I taste a lot of wines and only a few of these end up on this blog. This filtering process means that you will tend only to see positive reviews here. Some people have commented on this.
Would you like to see more negative reviews of wines I didn’t like? This might make for more balanced reading, and a greater range of scores. I’m conscious that my scoring is in quite a narrow band, and one reason for this is that I don’t usually write up dull or poor wines.
The rationale behind my policy of focusing on the positive is as follows. I think that it’s only fair that the good wines get the limited slots that exist on the blog: they’ve earned their place. But perhaps more significantly, a false positive is better than a false negative.
Let me explain. I think I’m a reasonably good wine critic. But I’m not perfect, and I make mistakes. A false positive is undesirable, but it is less of a problem than a false negative.
If I err on the side of criticizing a wine, I could be causing a miscarriage of justice. My mistake could create problems for a producer, and I’d rather see an undeserving producer sell a few extra bottles than dent the sales of someone who has actually made a great wine, only for me to make a mistake and knock it down.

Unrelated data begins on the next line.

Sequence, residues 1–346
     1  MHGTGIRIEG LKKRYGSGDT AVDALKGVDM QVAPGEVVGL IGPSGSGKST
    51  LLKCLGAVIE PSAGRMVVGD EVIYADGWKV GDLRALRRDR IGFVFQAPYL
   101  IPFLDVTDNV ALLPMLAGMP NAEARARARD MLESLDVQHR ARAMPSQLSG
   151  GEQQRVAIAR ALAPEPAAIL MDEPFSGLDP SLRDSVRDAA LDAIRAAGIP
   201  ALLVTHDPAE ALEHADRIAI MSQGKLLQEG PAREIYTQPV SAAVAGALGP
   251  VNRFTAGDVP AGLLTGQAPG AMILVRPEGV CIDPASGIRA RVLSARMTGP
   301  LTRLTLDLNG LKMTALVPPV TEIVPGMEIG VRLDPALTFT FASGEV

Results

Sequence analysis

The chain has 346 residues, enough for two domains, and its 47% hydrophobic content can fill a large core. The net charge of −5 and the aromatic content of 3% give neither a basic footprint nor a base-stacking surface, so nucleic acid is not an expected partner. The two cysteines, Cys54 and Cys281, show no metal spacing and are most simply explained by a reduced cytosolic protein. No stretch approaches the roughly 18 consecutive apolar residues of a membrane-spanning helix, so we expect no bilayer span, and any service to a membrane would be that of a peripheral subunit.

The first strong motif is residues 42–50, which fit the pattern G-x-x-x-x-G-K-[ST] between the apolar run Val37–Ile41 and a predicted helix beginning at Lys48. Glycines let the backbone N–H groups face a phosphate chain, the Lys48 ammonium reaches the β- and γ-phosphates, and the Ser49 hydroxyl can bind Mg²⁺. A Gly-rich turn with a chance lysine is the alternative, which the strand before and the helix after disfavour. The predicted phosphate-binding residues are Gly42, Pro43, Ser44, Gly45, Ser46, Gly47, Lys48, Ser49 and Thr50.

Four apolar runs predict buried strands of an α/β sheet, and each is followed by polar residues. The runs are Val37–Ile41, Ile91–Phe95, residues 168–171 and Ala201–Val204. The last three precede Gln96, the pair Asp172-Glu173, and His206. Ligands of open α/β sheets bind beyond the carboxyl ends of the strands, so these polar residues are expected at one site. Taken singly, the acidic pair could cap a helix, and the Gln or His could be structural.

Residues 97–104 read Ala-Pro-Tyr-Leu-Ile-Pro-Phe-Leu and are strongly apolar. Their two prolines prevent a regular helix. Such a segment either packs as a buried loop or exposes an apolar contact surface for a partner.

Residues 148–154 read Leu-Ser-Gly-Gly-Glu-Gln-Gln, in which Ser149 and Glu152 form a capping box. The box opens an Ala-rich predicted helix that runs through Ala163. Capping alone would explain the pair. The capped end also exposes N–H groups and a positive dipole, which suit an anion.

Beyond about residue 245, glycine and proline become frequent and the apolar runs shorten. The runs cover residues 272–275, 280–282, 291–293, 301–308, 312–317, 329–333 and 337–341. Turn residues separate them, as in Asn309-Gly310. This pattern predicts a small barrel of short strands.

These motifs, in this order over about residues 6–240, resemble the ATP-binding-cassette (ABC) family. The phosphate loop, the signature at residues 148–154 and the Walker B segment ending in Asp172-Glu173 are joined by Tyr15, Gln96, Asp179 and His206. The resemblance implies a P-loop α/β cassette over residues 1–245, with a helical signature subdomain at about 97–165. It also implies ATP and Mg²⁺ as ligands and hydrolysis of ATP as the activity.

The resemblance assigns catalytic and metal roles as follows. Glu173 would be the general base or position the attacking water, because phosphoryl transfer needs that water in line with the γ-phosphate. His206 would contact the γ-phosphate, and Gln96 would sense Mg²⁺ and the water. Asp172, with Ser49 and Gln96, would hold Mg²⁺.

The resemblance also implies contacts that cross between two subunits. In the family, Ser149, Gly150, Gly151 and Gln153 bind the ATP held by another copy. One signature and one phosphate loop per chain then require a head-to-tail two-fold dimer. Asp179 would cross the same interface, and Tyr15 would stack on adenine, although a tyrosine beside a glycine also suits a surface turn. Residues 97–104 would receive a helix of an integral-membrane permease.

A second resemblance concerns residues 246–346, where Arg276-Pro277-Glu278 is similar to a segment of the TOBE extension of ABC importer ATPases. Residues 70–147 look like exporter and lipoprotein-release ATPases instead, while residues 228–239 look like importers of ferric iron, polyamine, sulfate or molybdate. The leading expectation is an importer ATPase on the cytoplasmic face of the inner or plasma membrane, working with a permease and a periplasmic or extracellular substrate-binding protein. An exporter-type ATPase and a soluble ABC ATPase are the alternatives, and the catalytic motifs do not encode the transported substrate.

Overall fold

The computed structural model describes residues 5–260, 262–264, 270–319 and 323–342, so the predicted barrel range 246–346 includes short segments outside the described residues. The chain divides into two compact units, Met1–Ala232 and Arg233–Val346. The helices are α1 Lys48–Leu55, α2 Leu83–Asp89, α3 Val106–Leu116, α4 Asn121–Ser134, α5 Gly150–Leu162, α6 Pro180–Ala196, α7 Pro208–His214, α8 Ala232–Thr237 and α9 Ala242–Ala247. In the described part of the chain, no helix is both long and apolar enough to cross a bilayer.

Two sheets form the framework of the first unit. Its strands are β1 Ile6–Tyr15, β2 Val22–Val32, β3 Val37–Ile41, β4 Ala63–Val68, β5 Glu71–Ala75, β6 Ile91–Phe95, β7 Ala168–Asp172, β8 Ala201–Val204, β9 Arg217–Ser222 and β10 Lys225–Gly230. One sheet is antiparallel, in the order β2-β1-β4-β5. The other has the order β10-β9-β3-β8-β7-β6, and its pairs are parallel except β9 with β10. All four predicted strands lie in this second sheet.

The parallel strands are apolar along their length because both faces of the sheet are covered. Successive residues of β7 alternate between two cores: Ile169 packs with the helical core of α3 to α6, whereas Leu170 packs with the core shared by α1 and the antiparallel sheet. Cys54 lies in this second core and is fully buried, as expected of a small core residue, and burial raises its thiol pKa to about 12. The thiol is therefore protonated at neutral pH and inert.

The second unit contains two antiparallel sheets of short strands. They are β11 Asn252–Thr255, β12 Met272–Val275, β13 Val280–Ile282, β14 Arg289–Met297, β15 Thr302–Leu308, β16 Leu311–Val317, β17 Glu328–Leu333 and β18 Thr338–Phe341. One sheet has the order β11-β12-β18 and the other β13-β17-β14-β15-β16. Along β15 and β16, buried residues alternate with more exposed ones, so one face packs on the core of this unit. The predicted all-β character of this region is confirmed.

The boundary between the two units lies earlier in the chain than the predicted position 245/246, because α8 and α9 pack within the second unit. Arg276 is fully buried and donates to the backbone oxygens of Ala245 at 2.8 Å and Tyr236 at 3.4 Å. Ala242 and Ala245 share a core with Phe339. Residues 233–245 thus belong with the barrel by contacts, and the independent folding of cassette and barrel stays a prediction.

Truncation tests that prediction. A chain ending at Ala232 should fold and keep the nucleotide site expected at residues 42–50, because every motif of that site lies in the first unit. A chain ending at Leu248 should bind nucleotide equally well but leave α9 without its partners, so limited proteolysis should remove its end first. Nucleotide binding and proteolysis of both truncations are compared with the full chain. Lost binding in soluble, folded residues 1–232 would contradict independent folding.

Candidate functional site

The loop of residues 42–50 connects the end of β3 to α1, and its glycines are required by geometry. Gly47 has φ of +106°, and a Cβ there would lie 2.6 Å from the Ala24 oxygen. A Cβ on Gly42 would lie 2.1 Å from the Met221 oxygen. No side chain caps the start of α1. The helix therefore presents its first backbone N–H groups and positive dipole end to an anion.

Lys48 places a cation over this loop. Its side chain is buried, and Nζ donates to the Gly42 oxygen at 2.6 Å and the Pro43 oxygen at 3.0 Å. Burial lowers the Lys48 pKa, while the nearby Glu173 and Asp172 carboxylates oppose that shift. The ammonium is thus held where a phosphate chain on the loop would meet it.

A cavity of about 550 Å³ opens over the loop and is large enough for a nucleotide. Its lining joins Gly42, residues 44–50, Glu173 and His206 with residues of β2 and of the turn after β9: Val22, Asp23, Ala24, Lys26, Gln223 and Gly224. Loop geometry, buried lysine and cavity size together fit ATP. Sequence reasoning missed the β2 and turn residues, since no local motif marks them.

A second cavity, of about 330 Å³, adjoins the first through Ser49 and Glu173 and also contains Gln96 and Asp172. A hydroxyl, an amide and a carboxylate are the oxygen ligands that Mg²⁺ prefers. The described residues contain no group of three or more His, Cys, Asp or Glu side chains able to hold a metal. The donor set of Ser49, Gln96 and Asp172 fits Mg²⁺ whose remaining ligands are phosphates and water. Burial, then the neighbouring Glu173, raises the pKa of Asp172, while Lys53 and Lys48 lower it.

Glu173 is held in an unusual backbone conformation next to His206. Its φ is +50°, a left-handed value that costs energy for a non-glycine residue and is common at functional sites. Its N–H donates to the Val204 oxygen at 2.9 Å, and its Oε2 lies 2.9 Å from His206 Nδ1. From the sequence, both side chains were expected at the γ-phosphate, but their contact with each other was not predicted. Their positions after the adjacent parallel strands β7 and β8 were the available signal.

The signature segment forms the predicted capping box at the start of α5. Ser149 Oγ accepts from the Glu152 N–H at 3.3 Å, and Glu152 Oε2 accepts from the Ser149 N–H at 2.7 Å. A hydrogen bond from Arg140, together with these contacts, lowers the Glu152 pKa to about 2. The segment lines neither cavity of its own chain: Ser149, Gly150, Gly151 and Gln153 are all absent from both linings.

It can be entertaining to see a critic lay into a wine. And there are a lot of bad wines out there that deserve criticism. The risk of slamming an innocent wine with a bad review, however, is usually too high for me to want to do it on a regular basis.
There’s also an extra factor here, which involves market segmentation. There’s a lot of crap wine out there that’s actually good quality. Let me explain this contradiction. Quality is best defined as fitness for purpose. A crap wine that is dull, inoffensive and has no personality, might be a good quality wine in certain segments of the market. If you can list a clean, fault free, but dull Pinot Grigio at under £4 then you’ll have some happy customers.
What’s the point of me laying into wines like these on my blog if they’re actually perfectly suited to their market, and their target market isn’t reading my blog?
Sometimes I think people criticize from a point of insecurity. Criticizing makes them feel more powerful, and better about themselves.
Isn’t it better all round if I’m just enthusiastic about the wines I like, and steer you towards those?